Local resident Roland Saunders discusses his interest in giving old photographs a new lease of life by recolouring them using artificial intelligence
Recently, I’ve been looking at my digital collection of local photographs of Woodford and Wanstead. I have lived in South Woodford for most of my life, as did my parents and grandparents before me. During lockdown, I set up a Facebook group called Woodford, South Woodford and Wanstead Memories and Life. Some of the older photographs have been exciting to see, capturing times gone by. Using software to enhance photos brings a new level of realism.
In the digital age, our ability to interact with and enhance photographs using artificial intelligence (AI) has reached unprecedented levels. One fascinating technique that has gained popularity in recent years is palette recolouring – a process that breathes new life into old photos. By applying modern colour schemes to vintage images, we revive memories, making them more vibrant and relatable to contemporary audiences.
Palette recolouring involves selecting a new colour palette for an image while preserving its original structure and details. This technique is not about altering the content of a photo but rather reimagining it through a fresh set of colours. It can be applied to black-and-white photos, sepia-toned images or faded colour pictures, effectively transporting them to a different era or infusing them with a contemporary aesthetic.
One of the key challenges in palette recolouring is maintaining the authenticity and emotional resonance of the original photograph. Artists and enthusiasts must strike a delicate balance between introducing new colours and preserving the historical or sentimental value of the image. Careful consideration of the subject matter, historical context and cultural nuances is essential to ensure the recolouring enhances rather than detracts from the photo’s significance.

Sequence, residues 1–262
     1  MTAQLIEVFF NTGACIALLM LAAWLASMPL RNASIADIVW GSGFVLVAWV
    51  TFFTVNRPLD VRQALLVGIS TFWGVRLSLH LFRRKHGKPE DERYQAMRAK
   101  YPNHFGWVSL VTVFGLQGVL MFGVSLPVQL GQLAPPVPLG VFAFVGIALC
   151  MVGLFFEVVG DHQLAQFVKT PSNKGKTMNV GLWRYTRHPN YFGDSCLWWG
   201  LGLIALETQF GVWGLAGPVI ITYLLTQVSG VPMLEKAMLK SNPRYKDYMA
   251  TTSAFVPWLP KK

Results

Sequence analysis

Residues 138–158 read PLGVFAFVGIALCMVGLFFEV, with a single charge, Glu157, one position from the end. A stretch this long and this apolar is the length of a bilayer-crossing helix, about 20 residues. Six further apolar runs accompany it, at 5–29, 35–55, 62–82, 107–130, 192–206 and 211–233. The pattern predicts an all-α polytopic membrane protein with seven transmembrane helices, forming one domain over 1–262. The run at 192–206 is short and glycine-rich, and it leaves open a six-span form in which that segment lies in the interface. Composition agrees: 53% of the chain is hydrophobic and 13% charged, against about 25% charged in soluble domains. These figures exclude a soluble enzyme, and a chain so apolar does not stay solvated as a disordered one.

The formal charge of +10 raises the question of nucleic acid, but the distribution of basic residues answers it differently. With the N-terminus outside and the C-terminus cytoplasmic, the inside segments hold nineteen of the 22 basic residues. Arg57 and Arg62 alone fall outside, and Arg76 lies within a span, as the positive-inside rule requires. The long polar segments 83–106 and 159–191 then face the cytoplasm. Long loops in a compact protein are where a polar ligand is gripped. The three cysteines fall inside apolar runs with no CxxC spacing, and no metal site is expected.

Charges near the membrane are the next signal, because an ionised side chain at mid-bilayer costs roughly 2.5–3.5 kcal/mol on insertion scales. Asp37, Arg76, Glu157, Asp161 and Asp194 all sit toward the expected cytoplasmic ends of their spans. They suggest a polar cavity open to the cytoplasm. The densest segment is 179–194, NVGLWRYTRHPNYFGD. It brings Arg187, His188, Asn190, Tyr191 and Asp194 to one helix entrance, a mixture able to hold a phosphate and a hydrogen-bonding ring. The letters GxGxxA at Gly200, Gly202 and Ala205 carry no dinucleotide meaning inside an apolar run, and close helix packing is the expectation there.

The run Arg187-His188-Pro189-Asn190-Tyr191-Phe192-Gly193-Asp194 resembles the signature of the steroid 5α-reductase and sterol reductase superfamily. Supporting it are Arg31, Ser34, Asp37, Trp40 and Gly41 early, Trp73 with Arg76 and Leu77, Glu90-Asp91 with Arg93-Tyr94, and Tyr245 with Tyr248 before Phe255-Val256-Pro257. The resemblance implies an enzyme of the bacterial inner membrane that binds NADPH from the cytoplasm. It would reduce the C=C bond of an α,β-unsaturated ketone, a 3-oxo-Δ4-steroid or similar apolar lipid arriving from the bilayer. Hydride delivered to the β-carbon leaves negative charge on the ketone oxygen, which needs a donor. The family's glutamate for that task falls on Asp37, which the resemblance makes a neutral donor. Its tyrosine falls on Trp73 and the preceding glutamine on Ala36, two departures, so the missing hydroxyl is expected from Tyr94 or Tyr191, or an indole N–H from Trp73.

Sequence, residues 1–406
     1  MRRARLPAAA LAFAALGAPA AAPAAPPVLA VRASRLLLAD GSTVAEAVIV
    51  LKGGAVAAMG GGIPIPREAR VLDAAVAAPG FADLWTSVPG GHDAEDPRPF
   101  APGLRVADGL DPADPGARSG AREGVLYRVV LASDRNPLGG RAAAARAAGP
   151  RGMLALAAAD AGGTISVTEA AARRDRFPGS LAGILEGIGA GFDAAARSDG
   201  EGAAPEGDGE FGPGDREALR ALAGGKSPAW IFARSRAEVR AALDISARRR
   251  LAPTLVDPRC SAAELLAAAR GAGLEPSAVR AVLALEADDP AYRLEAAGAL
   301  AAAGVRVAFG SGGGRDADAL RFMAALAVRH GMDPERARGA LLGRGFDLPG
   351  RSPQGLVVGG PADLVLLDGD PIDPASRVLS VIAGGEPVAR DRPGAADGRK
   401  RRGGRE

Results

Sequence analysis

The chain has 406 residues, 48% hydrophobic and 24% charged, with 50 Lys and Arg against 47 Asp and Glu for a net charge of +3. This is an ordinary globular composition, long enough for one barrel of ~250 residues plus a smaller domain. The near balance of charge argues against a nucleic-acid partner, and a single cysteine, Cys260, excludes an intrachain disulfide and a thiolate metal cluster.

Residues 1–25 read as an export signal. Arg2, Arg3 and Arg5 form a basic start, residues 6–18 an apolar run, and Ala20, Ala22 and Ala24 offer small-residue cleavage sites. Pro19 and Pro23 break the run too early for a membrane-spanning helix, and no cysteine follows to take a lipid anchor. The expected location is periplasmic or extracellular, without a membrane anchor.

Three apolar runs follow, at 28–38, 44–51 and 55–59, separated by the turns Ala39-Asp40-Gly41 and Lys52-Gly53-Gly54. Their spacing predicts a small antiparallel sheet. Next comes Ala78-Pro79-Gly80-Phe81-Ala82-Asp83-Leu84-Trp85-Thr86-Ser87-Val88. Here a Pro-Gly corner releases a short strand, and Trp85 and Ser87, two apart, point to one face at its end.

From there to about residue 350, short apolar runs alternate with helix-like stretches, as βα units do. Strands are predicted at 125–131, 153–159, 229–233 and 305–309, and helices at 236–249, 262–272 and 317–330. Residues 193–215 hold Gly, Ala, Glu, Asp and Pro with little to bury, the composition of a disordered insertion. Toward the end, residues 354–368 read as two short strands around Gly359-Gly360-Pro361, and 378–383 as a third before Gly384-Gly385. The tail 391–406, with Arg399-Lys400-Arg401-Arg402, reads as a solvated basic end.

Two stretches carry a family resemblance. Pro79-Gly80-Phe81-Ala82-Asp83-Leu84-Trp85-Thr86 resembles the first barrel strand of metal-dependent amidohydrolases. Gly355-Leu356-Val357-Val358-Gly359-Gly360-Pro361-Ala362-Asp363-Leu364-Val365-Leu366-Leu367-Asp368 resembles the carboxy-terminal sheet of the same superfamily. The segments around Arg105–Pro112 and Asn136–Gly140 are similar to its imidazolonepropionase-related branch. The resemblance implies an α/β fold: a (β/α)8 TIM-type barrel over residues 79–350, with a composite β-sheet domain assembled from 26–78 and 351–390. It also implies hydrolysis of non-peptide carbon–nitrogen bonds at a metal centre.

Palette recolouring offers a unique opportunity to bridge the gap between the past and present. By infusing old photos with contemporary colour schemes, we can relate to historical moments in a more personal and engaging way, such as seeing photos of Wanstead and Woodford from 100 years ago in colour.
Recolouring vintage images allows us to gain a renewed appreciation for the past, fostering a stronger connection between generations. It’s a means of ensuring the stories and memories encapsulated in old photographs continue to resonate with those who come after us.
We still have some way to go before, as in the film Blade Runner, we can actually go inside the photograph and explore, but I’m sure we will be heading that way. Using AI technology, currently, we can already build missing parts of the picture, upscale the resolution, and, of course, colour a black-and-white image. Software is improving all the time, and I’m sure in a few years, the images will be taken to new levels of realism.
To join the Woodford, South Woodford and Wanstead Memories and Life Facebook Group, visit wnstd.com/wml